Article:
Tim Crone: Royals need to play shortened season with an eye to the future
It looks like that there is going to be a Kansas City Royals baseball season beginning at the end of the month. Major League Baseball owners and the players union finally stopped shooting themselves in the foot and agreed to play a 60-game schedule plus the playoffs.
We can finally start talking about playing the actual game. The new format for teams the Royals will play makes for a much different look and should be a lot of fun. Some of the new rules to be tried during the shortened season seem like a good move. A designated hitter used by everyone will help the pitchers as they will not have much time to get into pitching condition.
Each team will be allowed a 26-man roster until Aug. 31 and then can increase to 27 through the remainder of the season. Teams will be limited to only 13 pitchers until Sept. 1. From then until the end of the season the limit will be raised to 14.
It can be a positive for the Royals organization to allow players to play who have the potential to help the team over the next two or three years. It equates to an extended spring training for a young team like the Royals.
Hopefully, some of their young pitching prospects can be called up at the end of the year. Even if the young prospects only throw a few innings at the major league level, it will give them a taste of pitching at a big-time level.
The organization obviously will not try to rush along its young talent but many of the draft choices taken in the last three drafts have been players who have already pitched at the Division-I college level. Some of the young arms have played 2-3 years at that level. They will be more advanced and be more physically and mentally mature than a kid right out of high school.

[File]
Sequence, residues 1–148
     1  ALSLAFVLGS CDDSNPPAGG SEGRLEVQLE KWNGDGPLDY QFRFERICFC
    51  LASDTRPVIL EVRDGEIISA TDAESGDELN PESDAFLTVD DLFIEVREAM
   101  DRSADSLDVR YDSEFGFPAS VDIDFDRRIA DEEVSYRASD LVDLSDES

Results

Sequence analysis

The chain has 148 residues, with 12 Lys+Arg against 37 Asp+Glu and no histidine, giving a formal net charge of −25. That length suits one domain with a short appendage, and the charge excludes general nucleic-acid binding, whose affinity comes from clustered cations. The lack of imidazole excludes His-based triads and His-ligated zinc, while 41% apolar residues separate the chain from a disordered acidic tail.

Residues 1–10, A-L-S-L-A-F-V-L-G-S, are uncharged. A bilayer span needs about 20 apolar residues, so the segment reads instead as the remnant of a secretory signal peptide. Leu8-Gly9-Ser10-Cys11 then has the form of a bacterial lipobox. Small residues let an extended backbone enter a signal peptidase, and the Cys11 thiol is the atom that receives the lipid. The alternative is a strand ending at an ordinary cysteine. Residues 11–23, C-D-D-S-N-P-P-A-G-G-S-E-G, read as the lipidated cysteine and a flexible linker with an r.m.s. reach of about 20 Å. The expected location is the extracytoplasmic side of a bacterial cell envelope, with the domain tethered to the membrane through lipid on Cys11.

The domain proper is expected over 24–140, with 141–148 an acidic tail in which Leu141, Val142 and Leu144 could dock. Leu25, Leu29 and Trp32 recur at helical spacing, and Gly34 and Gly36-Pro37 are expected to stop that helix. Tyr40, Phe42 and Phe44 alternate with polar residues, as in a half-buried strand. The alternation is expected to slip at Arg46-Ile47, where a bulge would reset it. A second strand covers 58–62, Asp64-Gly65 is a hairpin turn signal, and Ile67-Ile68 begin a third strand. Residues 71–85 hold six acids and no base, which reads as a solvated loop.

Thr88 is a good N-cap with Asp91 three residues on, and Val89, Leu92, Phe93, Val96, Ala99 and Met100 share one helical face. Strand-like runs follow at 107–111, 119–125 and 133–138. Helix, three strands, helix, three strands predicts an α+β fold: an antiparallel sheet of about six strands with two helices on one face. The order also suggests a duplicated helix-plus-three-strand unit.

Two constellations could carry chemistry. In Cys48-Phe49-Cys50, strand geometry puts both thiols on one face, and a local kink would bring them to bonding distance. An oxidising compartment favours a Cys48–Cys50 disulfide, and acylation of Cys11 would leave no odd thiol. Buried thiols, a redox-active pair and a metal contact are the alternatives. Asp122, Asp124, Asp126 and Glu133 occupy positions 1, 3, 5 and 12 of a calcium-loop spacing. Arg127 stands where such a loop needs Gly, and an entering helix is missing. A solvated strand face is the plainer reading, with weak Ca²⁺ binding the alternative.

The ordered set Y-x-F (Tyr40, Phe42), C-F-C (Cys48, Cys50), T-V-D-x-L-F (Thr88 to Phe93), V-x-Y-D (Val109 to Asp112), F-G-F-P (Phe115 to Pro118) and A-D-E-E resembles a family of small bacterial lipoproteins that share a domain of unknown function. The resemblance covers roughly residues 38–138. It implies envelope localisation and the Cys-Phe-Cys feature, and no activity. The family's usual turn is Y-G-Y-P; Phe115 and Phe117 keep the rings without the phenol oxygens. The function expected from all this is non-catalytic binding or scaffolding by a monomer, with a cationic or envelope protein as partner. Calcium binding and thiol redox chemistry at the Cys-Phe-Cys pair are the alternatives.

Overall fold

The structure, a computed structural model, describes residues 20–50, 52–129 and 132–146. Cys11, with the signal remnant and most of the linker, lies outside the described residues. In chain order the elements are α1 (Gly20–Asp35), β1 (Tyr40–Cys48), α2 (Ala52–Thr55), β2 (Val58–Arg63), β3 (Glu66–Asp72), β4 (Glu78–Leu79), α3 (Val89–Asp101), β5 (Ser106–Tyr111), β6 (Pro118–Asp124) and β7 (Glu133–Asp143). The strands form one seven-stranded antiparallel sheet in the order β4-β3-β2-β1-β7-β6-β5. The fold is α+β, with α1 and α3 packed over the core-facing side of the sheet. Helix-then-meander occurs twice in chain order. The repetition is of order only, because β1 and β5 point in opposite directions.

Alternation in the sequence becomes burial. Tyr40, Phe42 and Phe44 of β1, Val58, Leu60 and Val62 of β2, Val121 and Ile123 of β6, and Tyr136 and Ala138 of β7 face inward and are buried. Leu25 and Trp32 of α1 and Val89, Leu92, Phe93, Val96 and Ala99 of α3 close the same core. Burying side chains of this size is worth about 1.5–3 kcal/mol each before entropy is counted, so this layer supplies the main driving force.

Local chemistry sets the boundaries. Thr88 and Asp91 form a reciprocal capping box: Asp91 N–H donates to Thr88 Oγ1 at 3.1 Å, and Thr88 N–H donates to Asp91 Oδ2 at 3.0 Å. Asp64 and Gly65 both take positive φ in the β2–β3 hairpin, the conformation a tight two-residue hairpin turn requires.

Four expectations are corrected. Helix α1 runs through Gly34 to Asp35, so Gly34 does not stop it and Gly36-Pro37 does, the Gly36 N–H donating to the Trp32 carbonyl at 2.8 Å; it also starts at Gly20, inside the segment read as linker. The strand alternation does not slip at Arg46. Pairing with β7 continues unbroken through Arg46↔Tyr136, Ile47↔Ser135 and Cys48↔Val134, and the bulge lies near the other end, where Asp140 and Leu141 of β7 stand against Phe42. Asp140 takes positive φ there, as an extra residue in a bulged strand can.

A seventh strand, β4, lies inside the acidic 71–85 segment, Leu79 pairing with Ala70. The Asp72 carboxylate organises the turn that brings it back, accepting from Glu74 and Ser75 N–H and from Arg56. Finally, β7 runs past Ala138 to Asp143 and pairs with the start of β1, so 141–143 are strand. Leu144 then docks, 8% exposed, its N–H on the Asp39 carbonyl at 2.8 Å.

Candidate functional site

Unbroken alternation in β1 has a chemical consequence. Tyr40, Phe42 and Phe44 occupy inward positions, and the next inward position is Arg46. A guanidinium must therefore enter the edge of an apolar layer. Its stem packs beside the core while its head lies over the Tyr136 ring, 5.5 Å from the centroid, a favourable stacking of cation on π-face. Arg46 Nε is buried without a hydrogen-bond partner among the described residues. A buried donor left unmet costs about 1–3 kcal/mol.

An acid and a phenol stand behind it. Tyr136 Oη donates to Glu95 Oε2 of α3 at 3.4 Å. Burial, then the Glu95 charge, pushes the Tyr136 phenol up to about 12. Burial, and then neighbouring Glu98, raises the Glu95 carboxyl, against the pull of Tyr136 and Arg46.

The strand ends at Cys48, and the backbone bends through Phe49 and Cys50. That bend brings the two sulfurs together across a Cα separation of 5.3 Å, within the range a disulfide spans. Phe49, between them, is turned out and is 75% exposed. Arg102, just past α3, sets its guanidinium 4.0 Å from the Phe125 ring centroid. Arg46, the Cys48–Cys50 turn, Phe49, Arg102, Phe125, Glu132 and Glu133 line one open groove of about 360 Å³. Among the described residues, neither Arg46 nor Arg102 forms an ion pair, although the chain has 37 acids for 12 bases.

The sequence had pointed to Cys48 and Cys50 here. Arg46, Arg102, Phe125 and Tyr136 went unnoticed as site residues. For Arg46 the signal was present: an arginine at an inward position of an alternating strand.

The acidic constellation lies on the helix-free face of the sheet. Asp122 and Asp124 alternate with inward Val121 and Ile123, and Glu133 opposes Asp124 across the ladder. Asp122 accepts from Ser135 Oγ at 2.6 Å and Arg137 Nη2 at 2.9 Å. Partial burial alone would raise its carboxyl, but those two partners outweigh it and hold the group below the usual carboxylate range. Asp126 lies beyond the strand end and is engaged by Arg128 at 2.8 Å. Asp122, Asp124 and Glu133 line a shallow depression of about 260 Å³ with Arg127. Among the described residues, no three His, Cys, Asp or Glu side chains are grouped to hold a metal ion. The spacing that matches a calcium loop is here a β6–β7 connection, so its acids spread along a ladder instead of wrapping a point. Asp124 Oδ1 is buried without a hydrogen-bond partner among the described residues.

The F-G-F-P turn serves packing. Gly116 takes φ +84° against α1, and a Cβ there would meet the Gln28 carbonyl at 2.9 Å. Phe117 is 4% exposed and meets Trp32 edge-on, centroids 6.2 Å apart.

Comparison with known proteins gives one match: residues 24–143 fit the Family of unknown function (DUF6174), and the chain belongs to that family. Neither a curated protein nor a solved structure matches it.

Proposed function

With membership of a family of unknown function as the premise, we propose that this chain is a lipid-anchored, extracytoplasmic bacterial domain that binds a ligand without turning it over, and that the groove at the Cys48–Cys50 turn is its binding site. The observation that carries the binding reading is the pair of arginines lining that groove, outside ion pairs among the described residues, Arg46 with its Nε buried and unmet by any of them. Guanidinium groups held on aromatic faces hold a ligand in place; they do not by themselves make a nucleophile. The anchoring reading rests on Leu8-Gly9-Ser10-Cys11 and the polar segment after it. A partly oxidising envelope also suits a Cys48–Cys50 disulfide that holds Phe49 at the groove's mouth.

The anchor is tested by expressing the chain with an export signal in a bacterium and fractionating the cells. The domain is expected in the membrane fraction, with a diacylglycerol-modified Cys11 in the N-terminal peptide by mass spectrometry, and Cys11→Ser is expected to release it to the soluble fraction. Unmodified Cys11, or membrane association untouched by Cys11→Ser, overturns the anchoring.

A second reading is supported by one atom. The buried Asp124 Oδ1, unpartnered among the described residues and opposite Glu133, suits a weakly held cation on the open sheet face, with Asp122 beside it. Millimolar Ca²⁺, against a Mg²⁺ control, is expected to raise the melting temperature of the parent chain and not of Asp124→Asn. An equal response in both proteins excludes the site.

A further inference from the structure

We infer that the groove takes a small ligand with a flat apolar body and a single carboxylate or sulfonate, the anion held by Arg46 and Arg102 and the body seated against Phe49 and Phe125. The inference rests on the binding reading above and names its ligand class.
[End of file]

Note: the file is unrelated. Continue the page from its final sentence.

The everyday players look like a group of young players who will have a chance to improve and not struggle like they did with 100 losses over each of the last two seasons. The lineup has both speed and power and should be able to improve on last year's performance.
Hopefully, the organization will stay away from high-salary older players to fill in during such a shortened season. The organization needs to use the 2020 season to provide experience for the future. In light of the fact that the 2020 season could still end prematurely, every game experience a young player gets under his belt can only be a plus in the future.
Adalberto Mondesi, Hunter Dozier, and Nicky Lopez just need more playing time to perfect their skills. It may be the last call for veterans like Alex Gordon and Ian Kennedy this season, but they will be able to provide much needed veteran leadership in a very unusual season.
The shortened season can really help a player like Salvador Perez, who is coming off a serious injury. It will give him time to regain his confidence without going through a grueling 162-game schedule. He will also get a chance to see if he can play first base in the future.
In such an abbreviated season, teams will need to get off to a fast start. Many of the more talented teams in the majors are built for a long 162-game season. Last year’s World Series champion, the Washington Nationals, were under .500 after 50 games. You never know – a young team like the Royals could get hot early and have an exciting 2020 season.
If the 2020 season does go the full 60 games, the Royals need to keep a focus on the future. Through the past three drafts the Royals farm system, rated 30th a couple of years ago, is now ranked 18th by baseball gurus. Time will tell how those young players will pan out at the major league level, but at least the talent pool has improved a great deal.
If the Royals do not get out of the gate quickly, you will see young prospects get more and more of an opportunity as the season progresses. It will be a good season to see if local favorite Bubba Starling will become a regular major league player.
It will be an odd opportunity for fans to witness one of the most unusual and challenged baseball seasons in the history of our national pastime.
• The quote of the week comes from former major league pitcher Tug McGraw: “I’m an emotional ballplayer and unless I express that emotion – right then and there – I can’t perform, I can’t handle the pressure. I have to do my own thing – I have to be me.”
– Tim Crone, a William Chrisman High School graduate, is a former activities director and coach for Blue Springs High School and is a host of a weekly radio show, “Off the Wall with Tim Crone,” on KCWJ (1030 AM) 6 p.m. every Monday. He writes a weekly column for The Examiner. Reach him at email@example.com.